Take one example: an important one on Mothers' Day!   There's a body of well-educated, intelligent females in the church reminding us that most godtalk (including scripture) comes from males who resort to male experiences of maleness for language to describe this Mystery we dare to name.  John's gospel uses a metaphor from female experience to describe the divine touch upon us getting 'born again' by the Spirit!  We'll come back to this in a few weeks: how much we are bound to traditional metaphors.


But for today I want to address this question of whether it's possible to speak of God with people like that woman who reads the addresses but says she's an atheist.  If you think there are unassailable proofs for God, it's not that simple.  I want to make four points, with the help of a story or two.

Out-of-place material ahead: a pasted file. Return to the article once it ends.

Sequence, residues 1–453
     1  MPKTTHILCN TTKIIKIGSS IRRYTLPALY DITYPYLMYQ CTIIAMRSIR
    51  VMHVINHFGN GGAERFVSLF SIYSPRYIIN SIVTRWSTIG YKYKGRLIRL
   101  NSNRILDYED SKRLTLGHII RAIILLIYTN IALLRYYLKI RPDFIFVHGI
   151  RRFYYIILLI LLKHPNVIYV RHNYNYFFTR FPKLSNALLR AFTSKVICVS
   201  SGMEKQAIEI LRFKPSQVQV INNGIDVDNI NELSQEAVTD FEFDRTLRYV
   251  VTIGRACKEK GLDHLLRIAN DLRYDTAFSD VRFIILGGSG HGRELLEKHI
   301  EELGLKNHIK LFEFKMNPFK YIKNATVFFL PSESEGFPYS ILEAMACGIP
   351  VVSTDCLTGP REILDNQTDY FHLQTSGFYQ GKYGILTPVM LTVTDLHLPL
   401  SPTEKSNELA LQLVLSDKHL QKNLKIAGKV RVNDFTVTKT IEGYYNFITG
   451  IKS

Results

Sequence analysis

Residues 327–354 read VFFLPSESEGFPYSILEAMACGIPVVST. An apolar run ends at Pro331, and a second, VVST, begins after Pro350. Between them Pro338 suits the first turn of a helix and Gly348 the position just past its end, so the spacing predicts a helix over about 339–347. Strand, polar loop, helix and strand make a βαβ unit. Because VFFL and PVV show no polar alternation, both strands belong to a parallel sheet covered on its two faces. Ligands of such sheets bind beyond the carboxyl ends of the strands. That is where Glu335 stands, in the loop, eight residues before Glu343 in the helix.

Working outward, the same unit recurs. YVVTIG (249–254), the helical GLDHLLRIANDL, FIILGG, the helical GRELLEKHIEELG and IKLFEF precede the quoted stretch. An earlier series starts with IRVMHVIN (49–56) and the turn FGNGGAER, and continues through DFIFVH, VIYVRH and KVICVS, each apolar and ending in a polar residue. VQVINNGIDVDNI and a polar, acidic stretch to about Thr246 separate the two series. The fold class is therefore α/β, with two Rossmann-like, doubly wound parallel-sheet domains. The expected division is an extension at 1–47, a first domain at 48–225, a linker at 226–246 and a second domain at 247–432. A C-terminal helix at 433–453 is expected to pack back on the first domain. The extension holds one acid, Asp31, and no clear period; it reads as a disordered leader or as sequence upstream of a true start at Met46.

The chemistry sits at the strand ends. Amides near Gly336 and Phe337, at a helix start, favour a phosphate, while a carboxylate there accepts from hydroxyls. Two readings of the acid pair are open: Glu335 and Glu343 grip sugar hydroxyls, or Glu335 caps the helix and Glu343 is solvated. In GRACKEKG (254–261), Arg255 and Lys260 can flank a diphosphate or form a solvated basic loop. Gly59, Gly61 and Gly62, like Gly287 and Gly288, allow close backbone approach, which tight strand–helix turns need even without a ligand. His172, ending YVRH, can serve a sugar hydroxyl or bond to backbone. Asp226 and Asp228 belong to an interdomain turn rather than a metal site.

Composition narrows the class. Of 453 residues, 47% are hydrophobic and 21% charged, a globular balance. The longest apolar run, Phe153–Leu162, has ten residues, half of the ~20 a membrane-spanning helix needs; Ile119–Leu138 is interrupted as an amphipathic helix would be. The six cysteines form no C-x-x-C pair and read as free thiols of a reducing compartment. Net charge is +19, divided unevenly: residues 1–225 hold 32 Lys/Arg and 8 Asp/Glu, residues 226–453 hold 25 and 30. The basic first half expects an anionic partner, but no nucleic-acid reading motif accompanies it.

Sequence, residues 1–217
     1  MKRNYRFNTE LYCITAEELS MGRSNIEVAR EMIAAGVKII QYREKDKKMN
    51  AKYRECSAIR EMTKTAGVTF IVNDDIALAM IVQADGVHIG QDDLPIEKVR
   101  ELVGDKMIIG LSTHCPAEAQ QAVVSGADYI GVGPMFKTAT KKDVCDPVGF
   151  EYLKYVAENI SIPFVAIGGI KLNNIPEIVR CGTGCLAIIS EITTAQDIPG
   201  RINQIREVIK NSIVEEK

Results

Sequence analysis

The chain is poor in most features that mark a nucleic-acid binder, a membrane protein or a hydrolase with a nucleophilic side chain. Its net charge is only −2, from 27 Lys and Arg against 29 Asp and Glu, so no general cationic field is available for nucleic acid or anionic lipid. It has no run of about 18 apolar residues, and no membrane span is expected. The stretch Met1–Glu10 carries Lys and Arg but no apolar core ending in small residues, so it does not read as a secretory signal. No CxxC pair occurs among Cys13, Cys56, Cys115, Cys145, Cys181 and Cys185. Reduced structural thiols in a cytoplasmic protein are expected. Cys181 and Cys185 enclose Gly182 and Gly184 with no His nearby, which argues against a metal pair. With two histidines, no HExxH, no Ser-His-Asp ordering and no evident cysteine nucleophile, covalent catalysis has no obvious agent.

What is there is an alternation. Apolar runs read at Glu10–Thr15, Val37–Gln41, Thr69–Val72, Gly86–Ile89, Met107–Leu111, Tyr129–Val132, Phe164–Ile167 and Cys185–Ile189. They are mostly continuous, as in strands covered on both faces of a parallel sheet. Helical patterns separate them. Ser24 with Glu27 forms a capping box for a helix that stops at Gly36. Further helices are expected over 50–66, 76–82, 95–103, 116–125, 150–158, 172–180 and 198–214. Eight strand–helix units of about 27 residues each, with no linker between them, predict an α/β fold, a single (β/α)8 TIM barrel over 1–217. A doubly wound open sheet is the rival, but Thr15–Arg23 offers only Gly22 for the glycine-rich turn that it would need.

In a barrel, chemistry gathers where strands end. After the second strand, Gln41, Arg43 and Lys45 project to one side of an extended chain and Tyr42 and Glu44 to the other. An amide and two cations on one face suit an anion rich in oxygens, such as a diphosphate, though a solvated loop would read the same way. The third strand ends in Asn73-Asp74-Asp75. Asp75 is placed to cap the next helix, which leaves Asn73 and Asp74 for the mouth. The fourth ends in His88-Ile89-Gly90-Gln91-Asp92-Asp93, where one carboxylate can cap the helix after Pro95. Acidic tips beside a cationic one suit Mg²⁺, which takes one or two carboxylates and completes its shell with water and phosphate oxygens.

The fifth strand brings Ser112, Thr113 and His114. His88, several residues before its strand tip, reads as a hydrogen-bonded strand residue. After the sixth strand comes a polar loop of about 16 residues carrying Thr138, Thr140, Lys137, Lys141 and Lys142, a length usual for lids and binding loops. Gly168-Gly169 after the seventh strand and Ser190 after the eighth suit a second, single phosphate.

First, any debate on this assumes we know what we mean by 'God'!  To argue whether or not anything exists implies that we know ahead what this thing or entity is!  It's tricky, you see.  In marshalling a case for or against the existence of God, we need to be able to say first what we mean by that word!  That determines the outcome of our conversation.  Let me try to show you.


In his book "A Brief History of Time", Stephen Hawking tells about the woman who interrupts a lecture on the universe.  She says the world is really a flat plate resting on the back of a giant turtle.  When she is asked by the lecturer what the turtle rests on, she says "It's turtles all the way down!"  It seems to me that if you say that God is a tower of turtles holding everything in being, you have at least a starting point for the argument and can probably guess the outcome!


Many people think God should be a sort of giant-size copy of their parents, when they were little.  Their parents protected them, directed them, corrected them; rewarded them when pleased and punished them when angry.  They provided a structured, secure and predictable environment.  More than this: they guarded us against adversity and against enemies.  They shielded us from pain, and gave us nice things.  We grew up thinking God was like that, or should be!